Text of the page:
And any time you move from an internal combustion engine to an EV, the amount of semiconductors in the cars increases dramatically. Multiples of where it would be for a typical internal combustion engine vehicle. So what’s happening in the automotive sector is actually exacerbating this supply crunch in the industry.

Now, again, these things are great. They show economic strength and growth, and technological advancement and major shifts in the industry.

Even the move from 4G to 5G is contributing to the tech shock here. The reason is that everyone wants to upgrade their 4G phones to 5G phones. They’ve been sitting on old phones for three years, on average, waiting for the upgrade. And now is the time.

So we’re seeing this shift in the automotive sector. We’re seeing this shift in the mobile sector, the entire consumer electronics sector. We’ve got not one but two new video game consoles, the PlayStation 5 and the Xbox X. And right around the corner will be mass market, augmented reality eyewear, which again, requires more semiconductors.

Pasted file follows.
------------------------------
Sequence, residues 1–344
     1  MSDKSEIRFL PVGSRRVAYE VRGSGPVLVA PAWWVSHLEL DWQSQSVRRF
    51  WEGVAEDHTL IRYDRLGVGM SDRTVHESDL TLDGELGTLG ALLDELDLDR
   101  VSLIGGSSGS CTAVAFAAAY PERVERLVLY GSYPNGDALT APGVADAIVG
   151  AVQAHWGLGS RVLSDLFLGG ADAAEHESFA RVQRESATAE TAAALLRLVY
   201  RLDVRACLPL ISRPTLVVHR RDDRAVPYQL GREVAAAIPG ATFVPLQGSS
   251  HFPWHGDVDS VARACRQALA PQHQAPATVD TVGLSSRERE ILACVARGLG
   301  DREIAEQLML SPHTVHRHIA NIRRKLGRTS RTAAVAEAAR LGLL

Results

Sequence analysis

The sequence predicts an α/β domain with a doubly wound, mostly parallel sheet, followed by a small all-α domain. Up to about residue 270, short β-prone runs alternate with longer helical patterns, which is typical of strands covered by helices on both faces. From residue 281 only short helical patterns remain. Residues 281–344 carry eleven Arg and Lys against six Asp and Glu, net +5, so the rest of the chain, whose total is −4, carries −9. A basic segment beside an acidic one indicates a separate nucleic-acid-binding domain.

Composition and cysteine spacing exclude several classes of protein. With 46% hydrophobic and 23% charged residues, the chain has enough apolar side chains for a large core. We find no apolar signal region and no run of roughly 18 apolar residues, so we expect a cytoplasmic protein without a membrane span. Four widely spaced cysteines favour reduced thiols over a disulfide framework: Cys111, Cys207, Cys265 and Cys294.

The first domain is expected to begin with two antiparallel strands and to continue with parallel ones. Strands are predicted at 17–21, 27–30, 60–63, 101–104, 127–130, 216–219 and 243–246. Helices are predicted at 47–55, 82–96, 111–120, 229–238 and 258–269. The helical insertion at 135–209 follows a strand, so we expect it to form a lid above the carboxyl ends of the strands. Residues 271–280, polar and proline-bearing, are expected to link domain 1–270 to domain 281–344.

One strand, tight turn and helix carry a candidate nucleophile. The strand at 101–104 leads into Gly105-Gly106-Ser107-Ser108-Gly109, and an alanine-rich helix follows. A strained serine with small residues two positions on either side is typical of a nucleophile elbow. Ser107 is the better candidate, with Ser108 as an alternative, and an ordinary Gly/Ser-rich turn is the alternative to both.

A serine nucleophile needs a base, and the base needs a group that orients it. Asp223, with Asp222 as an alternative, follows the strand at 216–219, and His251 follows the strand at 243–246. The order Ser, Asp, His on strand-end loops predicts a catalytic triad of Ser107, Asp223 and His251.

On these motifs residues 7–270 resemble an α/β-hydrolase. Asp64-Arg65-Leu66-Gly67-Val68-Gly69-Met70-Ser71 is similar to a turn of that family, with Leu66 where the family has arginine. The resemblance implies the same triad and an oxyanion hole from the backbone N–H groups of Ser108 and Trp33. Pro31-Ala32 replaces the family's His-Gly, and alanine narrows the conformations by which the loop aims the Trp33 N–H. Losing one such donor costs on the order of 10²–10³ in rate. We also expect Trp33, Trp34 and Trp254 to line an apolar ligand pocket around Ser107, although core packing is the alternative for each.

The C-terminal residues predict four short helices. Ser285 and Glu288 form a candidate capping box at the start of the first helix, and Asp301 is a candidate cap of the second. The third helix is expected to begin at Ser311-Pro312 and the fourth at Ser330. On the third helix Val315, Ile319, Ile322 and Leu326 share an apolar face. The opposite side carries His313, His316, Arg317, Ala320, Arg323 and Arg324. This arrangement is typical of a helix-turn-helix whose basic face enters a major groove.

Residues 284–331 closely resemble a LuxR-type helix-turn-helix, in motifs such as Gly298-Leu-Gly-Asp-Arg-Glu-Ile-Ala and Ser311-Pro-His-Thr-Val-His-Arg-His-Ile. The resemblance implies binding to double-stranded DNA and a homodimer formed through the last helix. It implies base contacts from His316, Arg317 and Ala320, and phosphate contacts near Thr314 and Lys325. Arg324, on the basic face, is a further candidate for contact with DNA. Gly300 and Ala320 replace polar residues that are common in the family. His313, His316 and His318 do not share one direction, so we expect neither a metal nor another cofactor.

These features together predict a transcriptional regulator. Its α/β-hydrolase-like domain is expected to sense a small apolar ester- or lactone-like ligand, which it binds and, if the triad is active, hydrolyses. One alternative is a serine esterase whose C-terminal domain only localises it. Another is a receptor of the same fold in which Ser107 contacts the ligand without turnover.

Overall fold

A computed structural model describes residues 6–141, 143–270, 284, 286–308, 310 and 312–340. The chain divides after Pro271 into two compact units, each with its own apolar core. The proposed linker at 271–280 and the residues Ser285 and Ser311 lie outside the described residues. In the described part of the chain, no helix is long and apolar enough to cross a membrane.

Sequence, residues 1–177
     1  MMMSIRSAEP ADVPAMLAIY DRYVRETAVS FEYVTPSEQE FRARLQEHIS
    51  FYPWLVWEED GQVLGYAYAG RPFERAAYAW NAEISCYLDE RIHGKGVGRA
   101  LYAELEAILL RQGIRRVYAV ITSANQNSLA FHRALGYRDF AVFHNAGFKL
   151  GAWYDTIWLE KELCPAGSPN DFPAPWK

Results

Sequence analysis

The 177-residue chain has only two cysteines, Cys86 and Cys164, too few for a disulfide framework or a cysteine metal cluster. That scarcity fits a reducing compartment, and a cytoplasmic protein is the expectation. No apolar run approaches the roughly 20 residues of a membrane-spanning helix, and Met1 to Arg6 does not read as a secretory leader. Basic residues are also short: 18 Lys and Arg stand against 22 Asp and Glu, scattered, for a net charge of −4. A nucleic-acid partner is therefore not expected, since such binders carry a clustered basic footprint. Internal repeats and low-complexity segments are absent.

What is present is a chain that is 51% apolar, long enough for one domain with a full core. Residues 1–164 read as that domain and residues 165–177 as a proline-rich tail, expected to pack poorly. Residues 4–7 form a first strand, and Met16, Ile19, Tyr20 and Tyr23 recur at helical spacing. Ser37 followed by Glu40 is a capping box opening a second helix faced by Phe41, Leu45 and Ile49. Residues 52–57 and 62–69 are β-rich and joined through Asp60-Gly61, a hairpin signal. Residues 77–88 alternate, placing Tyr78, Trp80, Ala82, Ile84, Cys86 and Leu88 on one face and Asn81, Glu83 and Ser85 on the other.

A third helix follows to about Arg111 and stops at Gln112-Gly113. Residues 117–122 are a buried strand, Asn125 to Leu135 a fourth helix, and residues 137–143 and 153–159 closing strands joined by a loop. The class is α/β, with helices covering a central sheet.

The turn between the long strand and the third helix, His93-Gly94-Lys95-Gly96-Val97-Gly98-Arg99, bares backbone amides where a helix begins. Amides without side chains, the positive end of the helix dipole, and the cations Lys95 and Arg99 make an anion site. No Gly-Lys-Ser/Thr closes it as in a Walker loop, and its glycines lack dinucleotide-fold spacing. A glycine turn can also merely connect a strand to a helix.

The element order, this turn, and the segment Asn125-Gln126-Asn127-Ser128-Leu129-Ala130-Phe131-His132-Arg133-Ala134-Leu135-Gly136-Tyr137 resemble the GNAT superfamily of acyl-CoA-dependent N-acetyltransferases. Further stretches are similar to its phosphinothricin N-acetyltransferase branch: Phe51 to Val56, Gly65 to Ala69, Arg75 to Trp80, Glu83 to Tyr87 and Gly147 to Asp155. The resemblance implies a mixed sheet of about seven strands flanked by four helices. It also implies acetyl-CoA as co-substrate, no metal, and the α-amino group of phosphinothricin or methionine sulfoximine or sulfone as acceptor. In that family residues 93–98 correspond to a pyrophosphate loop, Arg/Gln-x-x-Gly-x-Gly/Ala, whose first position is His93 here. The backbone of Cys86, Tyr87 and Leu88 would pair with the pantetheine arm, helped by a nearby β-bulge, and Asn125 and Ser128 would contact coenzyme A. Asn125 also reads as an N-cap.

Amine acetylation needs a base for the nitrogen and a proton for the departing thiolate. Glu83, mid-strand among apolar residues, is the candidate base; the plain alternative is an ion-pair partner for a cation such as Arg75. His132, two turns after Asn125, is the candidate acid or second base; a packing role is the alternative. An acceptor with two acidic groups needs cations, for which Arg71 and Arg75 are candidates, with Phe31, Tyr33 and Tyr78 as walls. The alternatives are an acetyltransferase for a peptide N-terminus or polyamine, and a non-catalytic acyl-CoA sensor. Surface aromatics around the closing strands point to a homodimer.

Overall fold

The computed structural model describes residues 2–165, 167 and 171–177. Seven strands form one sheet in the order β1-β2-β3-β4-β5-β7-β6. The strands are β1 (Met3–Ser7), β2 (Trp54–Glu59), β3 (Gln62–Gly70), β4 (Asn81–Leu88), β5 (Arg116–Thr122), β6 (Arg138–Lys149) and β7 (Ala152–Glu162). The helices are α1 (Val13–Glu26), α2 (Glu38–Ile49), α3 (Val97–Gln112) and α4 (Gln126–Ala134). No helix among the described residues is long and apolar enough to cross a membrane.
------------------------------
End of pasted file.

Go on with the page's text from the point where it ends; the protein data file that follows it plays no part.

So this is a storm. This is a confluence of quite a few events happening at the same time. And it really is creating some fantastic investment opportunities as I look into 2022 in this sector.

Chris: Jeff, you’ve given your readers a chance to make triple-digit gains already on some semiconductor stocks in The Near Future Report portfolio. But is the play here to buy semiconductor stocks? Is it to invest in the chipmakers, because there’s just going to be demand out the wazoo for as long as we can see?

Jeff: Well, there are definitely companies that are beneficiaries of everything that’s happening as a result of the tech shock… and will continue to be so.

This isn’t going to disappear in the next few months. In fact, it’s going to get worse over the next few months. We’re going to experience these issues as we look into 2022. This time next year, we’ll still be dealing with this. It won’t be as severe as what we’ll experience this holiday season, but it will be still material and significant.